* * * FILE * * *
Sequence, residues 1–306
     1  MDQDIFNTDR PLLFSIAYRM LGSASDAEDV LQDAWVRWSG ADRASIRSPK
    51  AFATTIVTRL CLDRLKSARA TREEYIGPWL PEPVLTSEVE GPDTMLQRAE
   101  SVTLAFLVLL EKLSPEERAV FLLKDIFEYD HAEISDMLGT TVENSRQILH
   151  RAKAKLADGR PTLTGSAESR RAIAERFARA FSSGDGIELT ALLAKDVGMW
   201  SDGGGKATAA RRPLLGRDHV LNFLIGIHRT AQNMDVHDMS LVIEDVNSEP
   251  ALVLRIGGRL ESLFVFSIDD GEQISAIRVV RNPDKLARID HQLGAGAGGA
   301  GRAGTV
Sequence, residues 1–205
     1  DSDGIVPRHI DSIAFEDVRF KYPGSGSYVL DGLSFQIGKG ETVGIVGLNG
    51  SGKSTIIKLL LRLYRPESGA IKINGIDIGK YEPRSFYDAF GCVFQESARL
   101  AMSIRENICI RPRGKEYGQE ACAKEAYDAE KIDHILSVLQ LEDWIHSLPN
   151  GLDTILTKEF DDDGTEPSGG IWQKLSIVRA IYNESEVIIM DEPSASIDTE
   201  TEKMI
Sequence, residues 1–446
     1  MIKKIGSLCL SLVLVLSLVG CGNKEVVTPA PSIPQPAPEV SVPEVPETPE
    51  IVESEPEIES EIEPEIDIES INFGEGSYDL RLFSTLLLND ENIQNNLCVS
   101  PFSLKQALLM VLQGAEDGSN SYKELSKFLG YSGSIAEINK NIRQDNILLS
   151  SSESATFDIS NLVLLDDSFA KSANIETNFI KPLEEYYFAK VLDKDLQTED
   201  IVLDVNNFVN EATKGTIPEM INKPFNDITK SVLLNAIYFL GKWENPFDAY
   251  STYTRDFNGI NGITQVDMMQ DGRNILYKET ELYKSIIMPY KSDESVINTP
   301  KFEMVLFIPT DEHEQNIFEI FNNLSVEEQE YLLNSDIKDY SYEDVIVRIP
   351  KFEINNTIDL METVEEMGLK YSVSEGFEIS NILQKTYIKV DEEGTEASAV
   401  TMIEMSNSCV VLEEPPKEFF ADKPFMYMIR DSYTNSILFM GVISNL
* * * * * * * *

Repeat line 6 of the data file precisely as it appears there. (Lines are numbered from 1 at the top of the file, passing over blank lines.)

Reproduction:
   201  SDGGGKATAA RRPLLGRDHV LNFLIGIHRT AQNMDVHDMS LVIEDVNSEP